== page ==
When researching my book, FEAST OF SORROW, one of the fun bits was trying out various recipes and experiencing the flavors of ancient Roman food. The book is about ...
This article first appeared in the inaugural issue of the beautiful food history publication, EATEN Magazine. If you love food and love reading about the fascinating history of food, definitely snag a subscription...you won't be sorry! The photos of the cake were taken by Valerio Necchio.
When I first embarked upon writing my novel, FEAST OF SORROW, about the ancient Roman gourmand, Apicius, I knew I would require a vast amount of research to understand everything I could about the food of that era. I wanted to understand the difficulty of preparation, the nuances of flavor and how foods might pair together. That meant I needed to, quite literally, get cooking.
Most of the very ancient Roman recipes that have been left to us tend to be a short list of ingredients and in some cases, a rudimentary and usually incomplete set of instructions. The ancient Roman cookbook, Apicius, is full of these sorts of recipes. A home cook of today would have no idea where to begin when it came to extrapolating these vague lists into something edible. I was relieved to discover that others had already done much of this interpretation for me. I began my cooking research by trying dishes found in cookbooks by historians such as Andrew Dalby, Ilaria Gozzini Giacosa, Sally Grainger, Mark Grant and Francine Segan. But it wasn’t long before my husband and I were testing out our own interpretations of foods such as roasted mushrooms, sweet and sour dill chicken and dessert treats like fritters.
One of the foods mentioned several times in my novel are honey cakes, which are offered up to the gods in thanks. I was intrigued by the idea of these cakes and how I could recreate them today. What were their origins? Why did the ancients offer up cakes to their deities?
If any of the ancient myths are to be believed, the gods of ancient Greek and Roman antiquity loved a bountiful meal. The stories left to us by Ovid, Herodotus, Virgil, Homer and others are ripe with stories of grand feasts enjoyed by the gods, or the gods meddling in mortal banquets such as the feast of King Midas in which all of the food tragically turned to gold. In fact, for centuries beyond ancient times, the wedding celebrations of Cupid and Psyche and Peleus and Thetis have been common artistic subjects for vases, frescoes and paintings of the great masters.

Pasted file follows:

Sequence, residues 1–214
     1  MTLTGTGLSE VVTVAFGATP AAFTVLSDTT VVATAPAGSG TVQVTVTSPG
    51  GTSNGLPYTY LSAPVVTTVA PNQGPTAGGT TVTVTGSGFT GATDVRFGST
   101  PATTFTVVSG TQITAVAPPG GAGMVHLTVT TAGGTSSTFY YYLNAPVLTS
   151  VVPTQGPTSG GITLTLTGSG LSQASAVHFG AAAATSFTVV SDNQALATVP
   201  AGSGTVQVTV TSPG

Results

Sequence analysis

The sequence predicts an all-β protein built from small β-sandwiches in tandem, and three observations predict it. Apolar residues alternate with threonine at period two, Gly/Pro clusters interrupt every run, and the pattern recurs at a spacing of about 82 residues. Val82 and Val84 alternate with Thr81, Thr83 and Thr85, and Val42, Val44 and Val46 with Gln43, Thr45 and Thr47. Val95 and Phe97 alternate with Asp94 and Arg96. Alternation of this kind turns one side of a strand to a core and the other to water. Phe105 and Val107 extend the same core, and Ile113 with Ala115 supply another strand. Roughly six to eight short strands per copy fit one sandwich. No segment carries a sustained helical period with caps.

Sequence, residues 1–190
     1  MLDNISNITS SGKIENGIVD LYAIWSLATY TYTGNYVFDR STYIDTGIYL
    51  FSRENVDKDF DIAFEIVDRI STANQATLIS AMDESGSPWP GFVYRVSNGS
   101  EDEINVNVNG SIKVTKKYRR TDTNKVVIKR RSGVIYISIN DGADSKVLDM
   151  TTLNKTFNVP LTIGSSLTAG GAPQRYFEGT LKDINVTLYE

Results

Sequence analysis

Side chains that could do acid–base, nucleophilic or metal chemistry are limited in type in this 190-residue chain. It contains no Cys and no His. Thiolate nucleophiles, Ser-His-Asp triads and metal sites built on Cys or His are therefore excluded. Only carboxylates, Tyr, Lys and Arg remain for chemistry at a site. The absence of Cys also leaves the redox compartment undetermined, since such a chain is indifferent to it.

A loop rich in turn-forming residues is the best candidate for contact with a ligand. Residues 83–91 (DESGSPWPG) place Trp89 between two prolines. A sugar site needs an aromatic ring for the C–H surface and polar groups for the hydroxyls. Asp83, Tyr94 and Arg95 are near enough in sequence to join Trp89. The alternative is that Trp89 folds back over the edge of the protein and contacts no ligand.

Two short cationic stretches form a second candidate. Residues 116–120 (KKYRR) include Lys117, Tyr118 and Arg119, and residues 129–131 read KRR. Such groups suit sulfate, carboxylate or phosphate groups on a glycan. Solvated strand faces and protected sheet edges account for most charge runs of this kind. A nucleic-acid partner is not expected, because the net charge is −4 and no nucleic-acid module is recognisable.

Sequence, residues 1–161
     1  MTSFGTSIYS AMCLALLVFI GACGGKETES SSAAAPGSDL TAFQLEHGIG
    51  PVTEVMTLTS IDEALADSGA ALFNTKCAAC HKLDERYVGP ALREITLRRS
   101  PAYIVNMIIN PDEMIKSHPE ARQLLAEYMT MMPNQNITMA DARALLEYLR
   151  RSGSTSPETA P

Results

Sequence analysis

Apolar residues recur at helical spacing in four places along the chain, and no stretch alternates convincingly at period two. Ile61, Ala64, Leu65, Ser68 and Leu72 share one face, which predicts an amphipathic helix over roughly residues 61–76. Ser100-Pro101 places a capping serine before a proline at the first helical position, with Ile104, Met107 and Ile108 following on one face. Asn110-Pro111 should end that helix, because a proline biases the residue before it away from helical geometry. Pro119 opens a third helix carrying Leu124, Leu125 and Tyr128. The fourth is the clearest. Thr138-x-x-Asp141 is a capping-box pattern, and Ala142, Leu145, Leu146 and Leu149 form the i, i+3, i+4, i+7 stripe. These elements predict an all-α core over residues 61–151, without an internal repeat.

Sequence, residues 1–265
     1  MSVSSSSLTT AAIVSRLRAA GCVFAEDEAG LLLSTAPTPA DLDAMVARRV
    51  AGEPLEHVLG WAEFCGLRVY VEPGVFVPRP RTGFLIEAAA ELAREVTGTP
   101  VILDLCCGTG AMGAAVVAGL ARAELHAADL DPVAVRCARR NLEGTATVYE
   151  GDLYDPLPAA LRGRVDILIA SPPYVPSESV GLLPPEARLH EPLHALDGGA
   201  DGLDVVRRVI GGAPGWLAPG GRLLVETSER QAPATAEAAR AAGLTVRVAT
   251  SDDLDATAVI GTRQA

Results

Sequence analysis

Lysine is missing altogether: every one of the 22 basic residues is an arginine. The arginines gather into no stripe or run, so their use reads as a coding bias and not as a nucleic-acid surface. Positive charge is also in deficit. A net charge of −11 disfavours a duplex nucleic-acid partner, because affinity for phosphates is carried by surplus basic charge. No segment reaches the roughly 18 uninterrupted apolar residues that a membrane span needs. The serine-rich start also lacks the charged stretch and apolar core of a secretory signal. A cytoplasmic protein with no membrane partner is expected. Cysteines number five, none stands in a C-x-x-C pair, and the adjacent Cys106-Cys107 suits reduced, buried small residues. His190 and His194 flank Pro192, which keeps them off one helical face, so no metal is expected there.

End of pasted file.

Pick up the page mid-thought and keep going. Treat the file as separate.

The feasts on Mount Olympus were similar to those enjoyed on earth save in abundance, superior taste, luxury and perhaps the addition of the divine ambrosia. A traditional ancient Roman banquet would have begun with eggs and ended with fruit, and the final course was often accompanied by sweet desserts such as cake.
Cake is a dish that has been around for thousands of years, and was enjoyed by the ancient Egyptians well before the Greeks and Romans had their fill. Paintings in the tomb of Pharaoh Ramesses II, who ruled from 1304 to 1237 B.C.E. show what archaeologists think might be a type of folded honey cake, likely made from flour, eggs, honey, dates and nuts. The Egyptian specialty feteer meshaltet, which is a thin folded pastry (and might even be the precursor to the French croissant), is descended from these cakes.
One of the first printed recipes for honey cake appears in Athenaeus’ Deipnosophistae, published in Greece in 180 B.C.E.. It is called Enkhytoi and the book describes it as a flat, molded cake made from honey, fine flour and eggs. Like many recipes of the time there were no proportions listed, but modern recreations of these cakes show us that the consistency is that of a sponge cake.